In determinate inflorescences, the tip of the apical meristem differentiates into a flower, and the axis can no longer grow vertically. Therefore, continuation of the inflorescence can only occur by branching below that terminal flower. Branching can be two-sided or one-sided, but each branch terminates in a flower. When a determinate inflorescence is examined, one can see that the central flower is the most mature, while lateral flowers are less mature. The basic determinate inflorescence type is the cyme.
Coiled or one-sided cyme
Cyme: Consisting of one terminal flower (maturing first) subtended by one to two lateral branches, each of which terminates in a flower (and may be subtended by further branching, etc.).
Coiled or one-sided cyme: A cyme with branches emerging on only one side each time the axis terminates in a flower. Young coiled cymes are curled over, like a scorpions tail. With maturation, the cyme uncoils. Typical of many Boraginaceae.
The following inflorescence types may be either determinate or indeterminate:
Umbel: An infloresence in which three to may pedicels arise from a common point. In a simple umbel, all of the pedicels in the inflorescence emerge digitately from one point like the spokes of an umbrella. A compound umbel has secondary or tertiary umbellate branching within the main umbel. Apiaceae, Hedera.
Head: Like a simple umbel, but the flowers sessile. Trifolium, Asteraceae.
Catkin: A spike of unisexual flowers with inconspicuous perianth, sometimes pendant, often with bracts subtending the flowers.
Part 2. Floral and Fruit Morphology
Flower Terminology Peduncle vs Pedicel - (peduncle is the stalk of entire inflorescence or solitary flower, while pedicels are the stalks within a larger inflorescence). Receptacle - floral axis, think of a flower as a rosette-plant, and all the flower parts are modified leaves. The receptacle, although perhaps a small area, is really a stem with very short internodes.
Perianth - the outermost, sterile parts of a flower (not bearing reproductive structures).
If you can recognize two distinctly different whorls of perianth: Sepals are the outermost whorl of 'leaf-derived" structures, and these are often greenish. All the sepals together are called the calyx. They may be fused or free of one another.
Petals are the next whorl of "leaf-derived" structures, but are generally colored by various pigments. All the petals together are called the corolla. They may be fused or free.
If you can't see two distinctly different whorls of perianth:
Sometimes just one whorl is present, with between 3 and 5 leaf-like structures (or lobes on a fused structure), then you are missing a whorl, and the whorl that is present is usually called the calyx; the corolla is assumed to be missing, and the flower is called incomplete. If you have many perianth parts (6 or more), or it is obvious you have two whorls, but all the leaf-like structures look the same, then one cannot distinguish calyx from corolla, and the structures are called tepals. This is common in lilies and magnolias.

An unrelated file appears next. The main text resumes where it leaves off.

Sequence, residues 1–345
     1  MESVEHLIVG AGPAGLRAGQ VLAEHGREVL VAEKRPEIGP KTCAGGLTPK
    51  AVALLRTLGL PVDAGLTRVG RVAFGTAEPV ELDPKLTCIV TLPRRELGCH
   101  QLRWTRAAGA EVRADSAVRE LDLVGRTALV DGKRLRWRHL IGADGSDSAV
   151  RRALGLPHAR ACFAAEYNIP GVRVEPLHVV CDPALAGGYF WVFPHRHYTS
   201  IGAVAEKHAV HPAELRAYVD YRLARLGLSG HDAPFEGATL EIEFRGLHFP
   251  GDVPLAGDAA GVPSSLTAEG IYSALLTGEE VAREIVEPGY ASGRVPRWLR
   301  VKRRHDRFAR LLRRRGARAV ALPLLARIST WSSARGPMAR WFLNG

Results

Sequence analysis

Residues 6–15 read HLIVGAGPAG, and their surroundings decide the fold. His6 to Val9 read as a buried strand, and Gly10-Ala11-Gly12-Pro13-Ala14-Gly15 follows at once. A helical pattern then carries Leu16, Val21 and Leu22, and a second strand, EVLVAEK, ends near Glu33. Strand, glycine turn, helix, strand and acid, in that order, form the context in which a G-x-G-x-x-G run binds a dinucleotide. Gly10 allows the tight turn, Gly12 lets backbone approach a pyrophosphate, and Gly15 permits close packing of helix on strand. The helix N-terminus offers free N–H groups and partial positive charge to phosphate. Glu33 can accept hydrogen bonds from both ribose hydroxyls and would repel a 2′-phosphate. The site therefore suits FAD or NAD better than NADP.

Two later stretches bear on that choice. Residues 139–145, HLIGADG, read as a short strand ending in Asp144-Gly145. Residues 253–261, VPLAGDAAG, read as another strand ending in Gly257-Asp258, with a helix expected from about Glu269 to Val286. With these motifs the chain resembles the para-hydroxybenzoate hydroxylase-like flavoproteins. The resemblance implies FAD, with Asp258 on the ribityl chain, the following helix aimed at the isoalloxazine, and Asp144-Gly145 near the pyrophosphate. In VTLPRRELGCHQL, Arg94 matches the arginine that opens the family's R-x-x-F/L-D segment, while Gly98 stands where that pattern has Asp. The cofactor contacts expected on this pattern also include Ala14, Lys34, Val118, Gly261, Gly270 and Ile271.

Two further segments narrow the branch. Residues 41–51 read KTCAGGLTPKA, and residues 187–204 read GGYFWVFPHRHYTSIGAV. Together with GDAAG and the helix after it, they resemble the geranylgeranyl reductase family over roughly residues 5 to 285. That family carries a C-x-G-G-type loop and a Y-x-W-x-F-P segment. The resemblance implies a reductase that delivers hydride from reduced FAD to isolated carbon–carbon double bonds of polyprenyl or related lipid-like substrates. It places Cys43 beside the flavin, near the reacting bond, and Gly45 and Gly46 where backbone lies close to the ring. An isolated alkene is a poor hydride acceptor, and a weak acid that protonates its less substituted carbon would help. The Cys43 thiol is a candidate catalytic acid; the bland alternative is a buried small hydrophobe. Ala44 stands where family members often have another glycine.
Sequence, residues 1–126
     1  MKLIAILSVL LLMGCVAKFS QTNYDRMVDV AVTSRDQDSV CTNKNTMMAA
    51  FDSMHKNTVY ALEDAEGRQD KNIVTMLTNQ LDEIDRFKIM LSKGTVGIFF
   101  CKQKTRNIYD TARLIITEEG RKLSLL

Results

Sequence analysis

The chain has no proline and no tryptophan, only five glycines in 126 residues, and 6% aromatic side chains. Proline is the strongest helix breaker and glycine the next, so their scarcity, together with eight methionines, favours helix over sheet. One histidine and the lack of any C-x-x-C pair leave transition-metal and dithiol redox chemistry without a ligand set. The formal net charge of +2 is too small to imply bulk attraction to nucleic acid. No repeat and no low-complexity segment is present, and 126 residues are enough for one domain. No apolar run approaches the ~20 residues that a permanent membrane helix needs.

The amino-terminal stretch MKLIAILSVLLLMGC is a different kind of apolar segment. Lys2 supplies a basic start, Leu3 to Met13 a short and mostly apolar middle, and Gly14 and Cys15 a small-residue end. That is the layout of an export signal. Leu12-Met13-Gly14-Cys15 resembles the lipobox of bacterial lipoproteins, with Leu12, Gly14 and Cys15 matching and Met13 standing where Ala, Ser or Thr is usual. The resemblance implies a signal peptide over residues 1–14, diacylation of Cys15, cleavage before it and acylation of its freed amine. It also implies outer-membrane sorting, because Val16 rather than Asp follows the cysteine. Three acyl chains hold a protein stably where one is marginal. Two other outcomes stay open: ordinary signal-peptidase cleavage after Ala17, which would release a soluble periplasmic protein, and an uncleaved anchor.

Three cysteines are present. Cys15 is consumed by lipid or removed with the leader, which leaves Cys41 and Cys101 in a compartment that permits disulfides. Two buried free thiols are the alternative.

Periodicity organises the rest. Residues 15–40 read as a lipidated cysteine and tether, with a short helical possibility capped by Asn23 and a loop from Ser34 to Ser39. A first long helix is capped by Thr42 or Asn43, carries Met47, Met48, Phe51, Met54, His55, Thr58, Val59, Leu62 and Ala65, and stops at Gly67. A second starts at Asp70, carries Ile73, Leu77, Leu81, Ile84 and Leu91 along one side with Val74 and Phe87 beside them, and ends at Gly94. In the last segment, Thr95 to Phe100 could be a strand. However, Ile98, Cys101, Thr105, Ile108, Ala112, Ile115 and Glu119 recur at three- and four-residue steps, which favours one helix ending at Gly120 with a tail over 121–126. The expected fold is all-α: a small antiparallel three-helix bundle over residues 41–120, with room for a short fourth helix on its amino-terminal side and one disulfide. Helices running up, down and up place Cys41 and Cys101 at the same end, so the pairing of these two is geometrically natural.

Stamens: The whorl of "leaf-derived" structures interior to the perianth consists of the stamens; each stamen usually has an anther and a stalk called a filament, although some just have anthers. The anthers are the pollen-bearing structures, and pollen gives rise eventually to sperm cells. Thus the stamens are sometimes called the male part of the flower and all together are called the androecium. (andro=male). Flowers may have few to many stamens. Anthers release their pollen (dehisce) by opening by slits (very common), pores, or flaps (uncommon).
Pistils: In the Jepson manual, the so called "female" unit of a flower is called the pistil, and this structure is found in the center of the flower. There is usually just one pistil per flower; having more than one pistil, is unusual and is found in such groups as Magnolias, buttercups, and some Rosaceous genera. All the pistils together are called the gynoecium. Each pistil has an ovary which bears the ovules (which become the seeds), and a stigma (or stigmas) which receives the pollen. Many pistils also have a stalk connecting the stigma and ovary called the style. A pistil can have one or more styles. If there is just one style, it may be branched. Each style or style branch tip has a stigma.
Evolutionary theory holds that all flower parts evolved from leaf-like structures. This is true of the gynoecium as well. The original pistil was a single leaf that bore ovules along its edges. Imagine then that this leaf rolled up, and the ovules then occurred in a single line inside the leaf, much like a pea pod. This hypothetical leaf-like structure, with ovules in one line, is called a carpel and is really the true basic unit of the gynoecium - like the stamen is the basic unit of the androecium.
Some pistils, such as those in legume flowers are made up of only one carpel, and are called simple pistils. Any time you have more than one pistil per flower, each one of those pistils is a simple pistil. However, during the evolution of the flowering plants there was a trend toward fusion and reduction of parts in some flowers. Carpels fused with one another creating what we call a compound pistil. The best way to understand this is to eat an orange. Each section of an orange is a carpel. But in the orange flower, the carpels have become fused into a compound pistil. The seeds of each carpel are in one line.
When carpels fuse into a compound pistil, the ovaries of the carpels always fuse; the styles, however may or may not; And if the styles fuse, the stigmas may or may not. For example, if you have three carpels fused, you may have three styles, one style with 3 stigmas, or one style with one stigma. It depends on the amount of fusion.